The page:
As I wrap up the last of couple of weeks of graduate school (!!), I have been alternating between moods of exhaustion and reflection. Today I thought I’d share some of the things I have learned while going to school to be a registered dietitian nutritionist.
For some background, my undergraduate degree is in public health. During my junior year, I realized that I wanted to pursue a career as a dietitian. Since a masters degree is not required (yet) to be a registered dietitian, often times people who do not have an undergraduate degree in nutrition will opt to do post-undergrad work to get all the classes required to be an RD (referred to as DPDs). However, I knew I wanted to get my masters degree and Winthrop University makes it relatively easy to both at the same time. Keep in mind this means my schedule was not the typical grad school schedule, I took 14-16 hours and had many day time classes. Luckily, my undergrad was bachelors of science, so I took care of about half of DPDs in my undergrad.
Here is a short list of things I’d tell someone who is considering becoming a RD:
Getting an internship is competitive: To be an RD, you must complete an internship that lasts anywhere from 6 months to 2 years. Most are 9 months, full-time, and unpaid. The internship provides valuable experience with rotations in basically all realms of dietetics. However, as right now the acceptance rate for internships is 50%. This doesn’t mean it is impossible, it just means that you might have to try more than once. Getting field experience as well as doing well in classes will go a long way! I was fortunate to find an RD who took me on in my first year and helped me to get ample experience at a long-term care facility. Working at a diabetes camp was a great help too!
The expenses add up: tuition, books, academy memberships, vaccines for the internship, gas for traveling to all the places you’ll volunteer. I don’t say this to deter you, but to warn you. Make sure you have a good idea about the costs before you go all in. It has to be something you really want!
^make friends with budget-friendly legumes
Forget your fads, stick with the science. Dietetics is a medical profession, so it uses evidenced-based practices. In school, we did not do a lot of discussing on topics that are not grounded in research. Terms like “super food” and “detox” are not used frequently.
“Needs more research” is a phrase you will hear over and over and over. The field is relatively new, so there are many things, like vitamins therapy for cancer or chromium for insulin resistance, that are evolving as we gain more insight. The field is ever-changing, i.e. for the longest time eggs were thought to raise serum cholesterol, but now it looks like dietary cholesterol and serum cholesterol aren’t a causal relationship. You have to keep an open mind and not be too frustrated when current thinking changes. It’s rather fun to be in a cutting edge field!
There is so much variety– clinical nutrition, diabetes education, research, public health, counseling, food service, marketing, sports nutrition, long-term care… the list goes on. As you complete your studies, you may discover a passion for something you didn’t know existed. My passion is in counseling, but I am keeping my options open, because I truly love (most) all of it.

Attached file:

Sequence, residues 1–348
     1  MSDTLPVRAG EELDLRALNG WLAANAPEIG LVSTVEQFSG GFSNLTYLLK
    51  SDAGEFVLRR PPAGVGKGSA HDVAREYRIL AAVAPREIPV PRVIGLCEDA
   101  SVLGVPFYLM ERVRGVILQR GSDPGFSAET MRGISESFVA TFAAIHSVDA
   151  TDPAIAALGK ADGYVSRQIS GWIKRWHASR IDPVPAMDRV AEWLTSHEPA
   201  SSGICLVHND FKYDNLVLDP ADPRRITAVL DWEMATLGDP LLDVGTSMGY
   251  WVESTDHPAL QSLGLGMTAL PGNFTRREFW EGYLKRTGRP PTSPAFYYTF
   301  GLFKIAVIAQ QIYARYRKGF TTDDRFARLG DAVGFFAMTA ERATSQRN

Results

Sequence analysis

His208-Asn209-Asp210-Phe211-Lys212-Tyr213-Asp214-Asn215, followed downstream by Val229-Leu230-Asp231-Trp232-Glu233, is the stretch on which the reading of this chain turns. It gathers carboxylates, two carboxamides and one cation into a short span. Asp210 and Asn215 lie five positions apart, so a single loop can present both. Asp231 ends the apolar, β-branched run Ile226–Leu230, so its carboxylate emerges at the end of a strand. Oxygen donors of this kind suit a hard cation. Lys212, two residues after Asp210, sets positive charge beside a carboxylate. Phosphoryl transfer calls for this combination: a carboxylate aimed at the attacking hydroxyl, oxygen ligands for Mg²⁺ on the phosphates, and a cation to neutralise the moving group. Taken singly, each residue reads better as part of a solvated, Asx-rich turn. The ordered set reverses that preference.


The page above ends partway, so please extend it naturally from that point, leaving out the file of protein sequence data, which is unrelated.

Sometimes you will just learn things for the test. If you are like me and opt to do graduate school concurrently with the required undergrad classes, time will be limited. Sometimes you will not be able to remember everything you learn. This may be disappointing, it was for me at first, but remember once you are in your field of choice, you will be able to absorb everything like a sponge.
It’s not always glamorous. If you imagine a career of helping individuals who want help and are passionate to learn about nutrition, you might have a hard time finding it. Being a dietitian is tough, with no shows and patients who don’t want to be there.Many times the people who need nutrition advice are the people who don’t want to be there. The people who you will see will often be people who are referred by their doctor after a new diagnoses. Sometimes it will be someone who is there for a quick fix and doesn’t like what you have to say. Or maybe a patient’s primary concern is getting food, not the amount nutrition in the food. Having a passion for helping people to develop a desire for improved nutrition is vital.
Be open minded. Please, please, please don’t be a food snob. Get it in your head that eating fast food and being healthy aren’t mutually exclusive. People have different experiences and different priorities. Don’t assume your way of eating is superior or the only way.
Respect food. Nutrition is about the science, but it is also about the food. Having a love for food, cooking, eating with others, trying new foods, etc is vital. It’s important to understand that food is our fuel, but it is also a source of joy and a part of our culture and community with others.
Lastly, care for people. Nutrition is medicine that allows people to live healthy lives. Caring about the welfare of others is one of the most important qualities of a dietitian. Taking the time to understand where they are coming from and what their needs are will be how you find success.
That’s all I have for today… soon I will post a reflection of my overall grad school experience!